New Notre Dame Stadium: Exploring the Modifications of Campus Crossroads

Author: David Korzeniowski

On Aug. 20, 2017, over three and a half years after the university first announced its Campus Crossroads project, the new and improved Notre Dame Stadium opened to the public for the “New & Gold Game.”

The focus, however, was not really on football. The eyes of fans, locals and students were directed toward the stadium renovations as well as the new buildings: Corbett Family Hall, O’Neill Hall and Duncan Student Center.

Around the stadium, the upgrades are unmistakable. The student section gates, once labelled by massive cloth signs, now have large gold titles to divide classes on days of games.

The outer concourse is totally new, including sleek section signs, blown-up pictures from Notre Dame history and numerous television screens so that fans won’t miss a minute of the action. “The outer concourse is gorgeous. It reminds me of a nice fancy hotel. It really does,” said longtime usher John Emmendorfer. Going into his seventh season working in the stadium, Emmendorfer is no stranger to the way things used to look. He could not be happier with the changes. “I know Knute Rockne would be proud.”

Inside the stadium lies perhaps the biggest change of all: the videoboard. Spanning 54.1 feet high, 95.5 feet wide and including 4,798,976 pixels, the stadium’s Jumbotron is impossible to miss. It hangs above the south endzone and gives fans a chance to view the game like never before. In addition, it shows replays, hype videos, highlights from teams across campus and Notre Dame advertisements to keep fans engaged during breaks in the game.

“The videoboard is amazing. I could hear it from my dorm all the way across campus,” first year Jacob Plocher told Scholastic. Living in Knott Hall, a little under a half-mile from the south end of the stadium, Plocher knows that the videoboard will get the stadium and its fans loud and rowdy, both this year and in years to come.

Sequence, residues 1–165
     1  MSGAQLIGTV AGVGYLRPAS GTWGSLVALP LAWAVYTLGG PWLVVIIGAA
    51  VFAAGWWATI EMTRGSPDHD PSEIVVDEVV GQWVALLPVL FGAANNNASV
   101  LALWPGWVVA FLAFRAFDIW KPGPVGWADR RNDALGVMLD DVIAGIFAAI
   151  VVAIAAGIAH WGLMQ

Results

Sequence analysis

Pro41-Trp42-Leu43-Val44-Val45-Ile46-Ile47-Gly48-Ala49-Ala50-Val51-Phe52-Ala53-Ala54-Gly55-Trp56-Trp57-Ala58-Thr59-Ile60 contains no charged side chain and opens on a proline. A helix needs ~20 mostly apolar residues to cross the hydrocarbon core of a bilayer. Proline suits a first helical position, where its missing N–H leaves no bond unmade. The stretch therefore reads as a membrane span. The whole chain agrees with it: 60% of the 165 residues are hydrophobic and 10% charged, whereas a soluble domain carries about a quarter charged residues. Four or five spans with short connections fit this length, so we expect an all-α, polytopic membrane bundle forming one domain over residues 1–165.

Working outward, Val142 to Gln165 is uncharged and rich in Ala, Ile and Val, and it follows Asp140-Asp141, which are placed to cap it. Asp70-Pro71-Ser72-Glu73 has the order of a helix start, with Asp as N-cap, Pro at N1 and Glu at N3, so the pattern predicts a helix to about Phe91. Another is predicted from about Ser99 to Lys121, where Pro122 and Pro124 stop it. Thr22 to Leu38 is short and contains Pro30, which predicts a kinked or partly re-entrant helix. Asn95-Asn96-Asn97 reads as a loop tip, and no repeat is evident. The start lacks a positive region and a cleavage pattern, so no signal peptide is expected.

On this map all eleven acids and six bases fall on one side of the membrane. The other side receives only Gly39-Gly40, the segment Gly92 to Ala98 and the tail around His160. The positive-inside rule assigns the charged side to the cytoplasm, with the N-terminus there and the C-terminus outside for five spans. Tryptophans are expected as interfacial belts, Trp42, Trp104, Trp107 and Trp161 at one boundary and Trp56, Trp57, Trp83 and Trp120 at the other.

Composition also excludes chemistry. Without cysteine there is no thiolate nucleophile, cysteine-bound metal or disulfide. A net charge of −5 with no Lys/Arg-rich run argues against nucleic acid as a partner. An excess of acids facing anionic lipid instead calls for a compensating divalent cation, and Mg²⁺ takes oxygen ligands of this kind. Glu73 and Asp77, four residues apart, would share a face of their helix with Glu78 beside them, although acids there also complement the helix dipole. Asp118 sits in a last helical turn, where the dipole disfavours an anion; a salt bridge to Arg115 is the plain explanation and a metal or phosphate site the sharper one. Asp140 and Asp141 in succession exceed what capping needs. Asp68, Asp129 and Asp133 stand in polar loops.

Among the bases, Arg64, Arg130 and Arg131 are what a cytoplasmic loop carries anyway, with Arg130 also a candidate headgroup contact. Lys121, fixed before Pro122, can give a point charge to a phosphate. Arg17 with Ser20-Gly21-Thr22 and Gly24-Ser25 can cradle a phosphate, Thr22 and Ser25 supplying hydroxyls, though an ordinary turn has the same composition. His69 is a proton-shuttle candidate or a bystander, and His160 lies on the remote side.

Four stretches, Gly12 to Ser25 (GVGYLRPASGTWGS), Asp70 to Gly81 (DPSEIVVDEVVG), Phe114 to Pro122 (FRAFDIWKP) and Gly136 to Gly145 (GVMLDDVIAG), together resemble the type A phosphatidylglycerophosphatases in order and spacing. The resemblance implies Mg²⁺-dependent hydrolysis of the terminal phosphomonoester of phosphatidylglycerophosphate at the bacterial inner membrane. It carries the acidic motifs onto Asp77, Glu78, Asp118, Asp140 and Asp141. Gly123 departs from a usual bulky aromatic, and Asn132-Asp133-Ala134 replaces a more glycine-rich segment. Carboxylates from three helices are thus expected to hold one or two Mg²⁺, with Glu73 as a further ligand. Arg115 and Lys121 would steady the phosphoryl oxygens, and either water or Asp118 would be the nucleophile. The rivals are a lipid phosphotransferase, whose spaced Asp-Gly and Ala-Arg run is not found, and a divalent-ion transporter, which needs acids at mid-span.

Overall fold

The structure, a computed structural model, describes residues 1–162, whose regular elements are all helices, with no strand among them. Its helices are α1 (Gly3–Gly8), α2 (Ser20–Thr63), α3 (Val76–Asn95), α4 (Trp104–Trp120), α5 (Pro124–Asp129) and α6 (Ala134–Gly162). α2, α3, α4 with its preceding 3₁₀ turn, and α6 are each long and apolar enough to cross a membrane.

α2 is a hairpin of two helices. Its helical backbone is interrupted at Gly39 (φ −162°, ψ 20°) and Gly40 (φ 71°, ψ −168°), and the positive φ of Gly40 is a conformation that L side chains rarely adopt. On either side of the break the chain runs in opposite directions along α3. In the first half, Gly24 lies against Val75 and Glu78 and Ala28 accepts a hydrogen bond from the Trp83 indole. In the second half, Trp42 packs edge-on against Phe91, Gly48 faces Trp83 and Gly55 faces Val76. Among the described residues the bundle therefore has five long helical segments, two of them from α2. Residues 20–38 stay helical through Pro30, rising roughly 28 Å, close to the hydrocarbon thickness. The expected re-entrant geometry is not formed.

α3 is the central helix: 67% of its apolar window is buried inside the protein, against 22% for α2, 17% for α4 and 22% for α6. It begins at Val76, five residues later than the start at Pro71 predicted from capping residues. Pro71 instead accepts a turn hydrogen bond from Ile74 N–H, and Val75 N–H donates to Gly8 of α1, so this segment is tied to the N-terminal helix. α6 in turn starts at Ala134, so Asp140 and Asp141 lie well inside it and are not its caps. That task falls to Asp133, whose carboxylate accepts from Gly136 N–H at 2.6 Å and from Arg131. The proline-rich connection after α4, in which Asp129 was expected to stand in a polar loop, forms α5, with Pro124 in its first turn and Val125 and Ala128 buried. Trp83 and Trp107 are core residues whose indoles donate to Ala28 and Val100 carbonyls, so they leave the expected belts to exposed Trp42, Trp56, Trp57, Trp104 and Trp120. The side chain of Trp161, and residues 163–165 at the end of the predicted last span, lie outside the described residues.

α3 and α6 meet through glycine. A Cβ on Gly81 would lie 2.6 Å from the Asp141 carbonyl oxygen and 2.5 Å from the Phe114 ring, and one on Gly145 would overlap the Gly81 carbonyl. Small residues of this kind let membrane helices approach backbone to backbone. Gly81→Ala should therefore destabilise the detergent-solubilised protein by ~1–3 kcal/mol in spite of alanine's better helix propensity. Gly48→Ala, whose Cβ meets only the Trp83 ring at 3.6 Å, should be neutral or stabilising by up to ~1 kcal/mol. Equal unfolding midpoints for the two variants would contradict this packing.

On the east side of the stadium lies the building where most of the videoboard’s content is made: Corbett Family Hall. Notre Dame Studios, which includes a state-of-the-art control room, a new replay room, several editing areas and comfortable offices for media employees, fills up a large part of Corbett’s first floor. “The technology that we have been equipped with is unparalleled in collegiate athletics,” said Fighting Irish Media Producer Tony Simeone. “Our students will now work with equipment that is outfitted in professional broadcast control rooms and trucks acrossthe country.”

Also open to the public on gamedays are floors seven, eight and nine of Corbett, which have some of the best game-watching spots outside of the stadium. From premium seating, to an elegant ballroom, to press boxes, the upper levels of Corbett provide a plush alternative to the hard bleachers outside.

Floors two through five of Corbett are still under construction, but upon completion, they will house new anthropology and psychology classrooms, labs, computer rooms and a student lounge.

To the south is O’Neill Hall. This is not to be confused with the dorm, which is now officially “O’Neill Family Hall,” but rather the large building on which the videoboard hangs. The main attraction of O’Neill on gamedays is the South Club, Notre Dame’s high-end version of a sports bar. There are ample tables and TVs for fans to watch the games, tons of old Notre Dame memorabilia decking the walls and even wooden seating from the old stadium to add a special touch. The South Club also hosts private events for interested parties.

O’Neill is not completely open yet, either. The floors that are being finished will soon hold a rehearsal hall, a recital hall, a music library and the Department of Music offices, to name some.

Finally, on the west side of the stadium is perhaps the most discussed of the three new buildings: the Duncan Student Center. The first six floors, which will house meeting rooms, lounges, the Career Center, RecSports and new dining options for Notre Dame students, will open in January. The top three levels, however, are open and nearly identical to those in Corbett. They too have a ballroom, premium seating and TVs. Mike Tirico and Doug Flutie of NBC Sports also enjoy games on the Duncan side from their press box.

On top of being aesthetically pleasing, Corbett Family Hall, O’Neill Hall and Duncan Student Center are environmentally friendly. Twenty percent of the buildings’ materials are recycled content, and the heating, cooling and ventilation is almost 20 percent more efficient than that required by building code, university architect Doug Marsh confirmed. The three buildings will pursue LEED (Leadership in Energy and Environmental Design) silver certification from the U.S. Green Building Council in the weeks to come, according to a Notre Dame press release on Aug. 23.

Though the renovations have generated quite a buzz already, the new Notre Dame Stadium is just getting started.